Beer - It Does a Market Good!October 22, 2012 Posted by: Joe Morgan, CFA
Sleep baby sleep
Now that the night is over
And the sun comes like a god
Into our room
All perfect light and promises
In college I learned the proper way to pour a beer. Bytilting the glass (or plastic cup) at just the right angle, theappropriate amount of froth will build. A beer with no froth isflat and unexciting, while too much froth leaves little room forsubstance.
One of the unfortunate side effects of a rallying market is acontinuous buildup of froth in the form of unwise investments,Ponzi schemes and just plain lazy analysis.
In recent weeks, we've seen two potential signs froth is returningto the markets.
First, the Federal Housing Finance Agency (FHFA), regulator ofFannie and Freddie, announced it will allow the twins to beginmaking 125 percent loan-to-value loans under the Home AffordableRefinance Program (HARP). The press release states, "With theseexpanded refinance opportunities, qualified borrowers whosemortgages are currently owned or guaranteed by Fannie Mae andFreddie Mac will be allowed to refinance those loans."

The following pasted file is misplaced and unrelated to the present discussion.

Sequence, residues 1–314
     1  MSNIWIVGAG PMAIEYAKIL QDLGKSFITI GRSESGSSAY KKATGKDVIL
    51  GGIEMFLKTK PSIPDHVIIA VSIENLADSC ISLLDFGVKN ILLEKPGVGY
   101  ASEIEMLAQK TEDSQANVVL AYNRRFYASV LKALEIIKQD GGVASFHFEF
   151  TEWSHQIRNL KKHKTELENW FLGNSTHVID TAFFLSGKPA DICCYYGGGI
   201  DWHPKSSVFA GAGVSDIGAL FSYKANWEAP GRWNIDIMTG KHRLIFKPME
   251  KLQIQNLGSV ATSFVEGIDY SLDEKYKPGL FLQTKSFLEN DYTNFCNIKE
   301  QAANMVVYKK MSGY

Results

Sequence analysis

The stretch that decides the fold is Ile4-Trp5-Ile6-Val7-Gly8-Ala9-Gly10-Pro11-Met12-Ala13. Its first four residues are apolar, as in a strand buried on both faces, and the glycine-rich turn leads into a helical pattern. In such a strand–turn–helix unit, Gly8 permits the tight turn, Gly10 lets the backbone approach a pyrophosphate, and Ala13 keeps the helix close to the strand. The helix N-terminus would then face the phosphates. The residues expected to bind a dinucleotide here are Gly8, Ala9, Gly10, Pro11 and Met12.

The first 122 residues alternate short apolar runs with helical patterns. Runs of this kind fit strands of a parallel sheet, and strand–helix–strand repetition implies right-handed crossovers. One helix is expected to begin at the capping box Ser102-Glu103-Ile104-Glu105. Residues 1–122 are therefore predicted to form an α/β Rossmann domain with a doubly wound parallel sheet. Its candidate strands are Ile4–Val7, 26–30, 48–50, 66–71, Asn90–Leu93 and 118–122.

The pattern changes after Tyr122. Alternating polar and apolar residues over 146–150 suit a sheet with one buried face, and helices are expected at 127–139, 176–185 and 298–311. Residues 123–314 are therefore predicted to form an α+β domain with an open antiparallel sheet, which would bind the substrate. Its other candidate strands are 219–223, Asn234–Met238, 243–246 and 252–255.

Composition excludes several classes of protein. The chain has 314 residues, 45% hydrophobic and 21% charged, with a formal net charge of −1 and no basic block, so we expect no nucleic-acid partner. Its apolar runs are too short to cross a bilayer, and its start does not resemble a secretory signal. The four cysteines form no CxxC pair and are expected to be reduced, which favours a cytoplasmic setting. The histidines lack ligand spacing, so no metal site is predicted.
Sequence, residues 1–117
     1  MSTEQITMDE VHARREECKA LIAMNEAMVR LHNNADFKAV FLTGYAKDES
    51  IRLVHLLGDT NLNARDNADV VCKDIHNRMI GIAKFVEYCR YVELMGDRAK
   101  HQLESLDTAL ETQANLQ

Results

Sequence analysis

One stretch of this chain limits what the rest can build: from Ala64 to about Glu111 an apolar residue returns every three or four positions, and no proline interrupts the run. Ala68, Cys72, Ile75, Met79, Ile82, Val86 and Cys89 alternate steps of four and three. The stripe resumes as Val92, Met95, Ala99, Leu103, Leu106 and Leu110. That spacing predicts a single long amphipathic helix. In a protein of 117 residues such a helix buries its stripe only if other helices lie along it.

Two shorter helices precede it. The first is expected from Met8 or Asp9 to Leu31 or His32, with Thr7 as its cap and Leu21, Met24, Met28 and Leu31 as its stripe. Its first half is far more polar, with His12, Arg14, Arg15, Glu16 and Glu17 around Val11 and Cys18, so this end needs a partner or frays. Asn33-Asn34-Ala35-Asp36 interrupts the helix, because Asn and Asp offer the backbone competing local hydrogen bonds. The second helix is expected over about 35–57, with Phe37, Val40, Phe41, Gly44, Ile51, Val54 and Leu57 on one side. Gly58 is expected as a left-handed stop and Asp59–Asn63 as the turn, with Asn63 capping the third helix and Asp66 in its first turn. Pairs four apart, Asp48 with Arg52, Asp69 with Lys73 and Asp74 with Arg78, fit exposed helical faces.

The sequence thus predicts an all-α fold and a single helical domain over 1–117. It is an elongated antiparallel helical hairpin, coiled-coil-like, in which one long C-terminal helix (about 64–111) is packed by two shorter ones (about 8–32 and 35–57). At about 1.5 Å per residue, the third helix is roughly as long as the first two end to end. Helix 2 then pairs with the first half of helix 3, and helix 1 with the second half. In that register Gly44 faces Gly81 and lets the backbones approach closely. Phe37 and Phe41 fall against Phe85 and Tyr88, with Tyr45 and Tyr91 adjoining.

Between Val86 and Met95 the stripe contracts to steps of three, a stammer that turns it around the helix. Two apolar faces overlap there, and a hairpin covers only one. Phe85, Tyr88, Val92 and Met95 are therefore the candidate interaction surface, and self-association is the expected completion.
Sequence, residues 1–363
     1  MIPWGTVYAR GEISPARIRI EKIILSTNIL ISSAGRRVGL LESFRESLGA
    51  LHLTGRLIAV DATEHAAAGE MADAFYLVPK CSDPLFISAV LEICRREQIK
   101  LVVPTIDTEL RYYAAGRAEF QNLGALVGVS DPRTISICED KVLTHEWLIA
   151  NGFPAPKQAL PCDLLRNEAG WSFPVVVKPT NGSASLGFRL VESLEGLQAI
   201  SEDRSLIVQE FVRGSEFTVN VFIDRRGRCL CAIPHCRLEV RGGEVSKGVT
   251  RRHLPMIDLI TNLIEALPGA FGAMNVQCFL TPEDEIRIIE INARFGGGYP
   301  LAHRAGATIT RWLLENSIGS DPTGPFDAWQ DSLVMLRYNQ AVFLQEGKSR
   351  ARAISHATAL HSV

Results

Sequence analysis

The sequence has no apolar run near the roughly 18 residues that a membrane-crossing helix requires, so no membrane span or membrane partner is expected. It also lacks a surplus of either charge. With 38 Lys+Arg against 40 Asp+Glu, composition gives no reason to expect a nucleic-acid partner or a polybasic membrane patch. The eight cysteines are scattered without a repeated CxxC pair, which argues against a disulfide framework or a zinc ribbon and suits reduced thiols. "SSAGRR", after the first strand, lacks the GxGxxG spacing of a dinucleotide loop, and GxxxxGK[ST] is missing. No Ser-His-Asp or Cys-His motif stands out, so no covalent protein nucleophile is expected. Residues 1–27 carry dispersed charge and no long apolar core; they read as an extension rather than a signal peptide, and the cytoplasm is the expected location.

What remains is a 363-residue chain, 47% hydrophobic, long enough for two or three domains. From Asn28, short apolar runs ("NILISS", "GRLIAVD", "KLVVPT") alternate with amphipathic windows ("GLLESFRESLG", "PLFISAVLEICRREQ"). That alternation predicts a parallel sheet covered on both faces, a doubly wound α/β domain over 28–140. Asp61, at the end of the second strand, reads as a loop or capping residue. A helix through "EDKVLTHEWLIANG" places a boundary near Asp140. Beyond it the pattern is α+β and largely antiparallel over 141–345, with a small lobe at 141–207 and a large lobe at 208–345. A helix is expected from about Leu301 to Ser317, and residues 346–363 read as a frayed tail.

The word that jumps out is "qualified." Who is qualified to borrow25 percent more than the collateral put up for a loan, assumingexpected cash flow will not satisfy? In traditional consumerlending, the value of collateral is typically at least as much asthe face value of the loan, otherwise the borrower could simply"put" the collateral to the lender and walk away. In fact,theoretically this is exactly what they should do.
A "put" in this case would include filing for personal bankruptcyand starting over - most likely including a home base that is moreaffordable. Why would anyone want to continue paying a mortgage foran asset that is worth less than the face of the loan?
It seems to me this sort of activity only extends the pain and thenumbers seem to back this up. According to data from the Office ofthe Comptroller of the Currency (OCC), 40 to 50 percent of all loanmodifications re-defaulted within 90 days during the course of2008.
Make no mistake, a government refi at 125 percent LTV is nothingmore...Read More